Happy Spring everyone! You've probably noticed our newsletters have been heavily focused on security recently and this one is no exception. Security is such a critical component because it transcends the idea of our job as your IT solution provider. It actually starts with you – our customer – who is interacting with data on a day to day basis.
To help you, Microsoft has just rolled out a new feature of Office 365 called Advanced Threat Analytics. This is available as an add-on to existing Office 365 subscriptions or as a stand alone license.
What is Advanced Threat Analytics?
This service combines the typical ‘analysis’ that happens with security products (such as anti-virus) with machine learning. Meaning that over time, Advanced Threat Analytics (ATA) actually gets smarter.
You’ve probably heard a lot about artificial intelligence (AI) in the last few months and while this isn’t technically AI, it does analyze the behavior of a company (or user) over time to determine what is normal vs irregular. By knowing what is normal versus irregular behavior, ATA can help us identify potential security issues earlier in the process.
Keeping email safe
While the machine learning stuff is cool, the service also includes a few other unique ways to help mitigate other risks in your environment. The most common way malware spreads in organizations today is via email. Most commonly, this is done via links embedded in emails that look legitimate or via attachments. This service adds a layer of protection for each.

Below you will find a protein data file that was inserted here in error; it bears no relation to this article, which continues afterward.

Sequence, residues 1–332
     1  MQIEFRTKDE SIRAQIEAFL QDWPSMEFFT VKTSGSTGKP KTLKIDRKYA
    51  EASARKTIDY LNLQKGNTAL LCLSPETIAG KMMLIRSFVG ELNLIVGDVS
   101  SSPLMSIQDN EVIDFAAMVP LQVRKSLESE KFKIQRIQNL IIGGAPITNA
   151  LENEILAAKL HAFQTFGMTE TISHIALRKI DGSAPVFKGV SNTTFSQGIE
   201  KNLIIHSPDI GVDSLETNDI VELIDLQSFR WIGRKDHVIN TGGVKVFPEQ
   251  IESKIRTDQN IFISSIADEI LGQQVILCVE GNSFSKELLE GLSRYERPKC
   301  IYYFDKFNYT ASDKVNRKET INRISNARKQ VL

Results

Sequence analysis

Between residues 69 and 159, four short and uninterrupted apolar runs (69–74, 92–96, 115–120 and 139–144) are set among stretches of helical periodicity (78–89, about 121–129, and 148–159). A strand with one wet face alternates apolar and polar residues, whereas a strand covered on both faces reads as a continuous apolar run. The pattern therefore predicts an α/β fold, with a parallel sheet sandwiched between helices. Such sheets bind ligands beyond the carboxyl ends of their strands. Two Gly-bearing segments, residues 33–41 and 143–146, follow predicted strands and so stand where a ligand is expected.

Safe Links: Safe Links scans inbound emails to make sure that the links that are shown in the email are actually redirecting users to the places where they need to go. If the links are unsafe, they are removed from the email before being sent to the recipient.
Safe Attachments: This is my favorite new feature. Safe Attachments actually opens unknown file types in an environment separate from your environment to detect potential malicious activity. If the attachment is unsafe, the message is delivered to the recipient without the attachment. This is especially useful since a very large percentage of malware/ransomware is delivered via malicious attachments (most commonly documents and PDFs).
We will be discussing these options with our customers over the coming weeks, but if you would like to get a head start; let us know!
More and more attackers are targeting businesses and trying to trick you out of personnel files through CEO impersonation attacks. These are a type of spear phishing attack, meant to look like they are from the CEO (or another high-level employee) sent to a lower level employee to get sensitive information or money from them (more on phishing on this blog).
These attacks are usually highly targeted and rely on the fact that lower level employees don’t always have direct contact with the leadership team and wouldn’t ask too many questions if asked to send information to them.
Kelley Medlock is the Director of Operations at PTG. Originally from Greenwood, SC, Kelley grew up in Spartanburg, SC. She attended Anderson University for undergrad, majoring in business management. She earned her MBA from Clemson University.
Before coming to PTG, Kelley worked in technical marketing for textile chemicals and finance and operations positions in B2B service companies. AT PTG, she oversees operations:
“My goal is always to make sure my team over-delivers on what the customer expects. We set those expectations from the first contact (which is generally marketing or sales). It is our primary duty to deliver those results and make the customer feel confident they made the best choice when they chose us. The intersection of good marketing and solid operations.”
Favorite Piece of Technology
"My Roku. I love the ability to access to content from anywhere (including my home network machines or phone) to any TV (every TV) in my home. So cool. Way better than the fax machines in every room from Back to the Future 2!"
"I wrecked my first automobile at 20 months. Car Seats have gotten a lot better since the 80's!"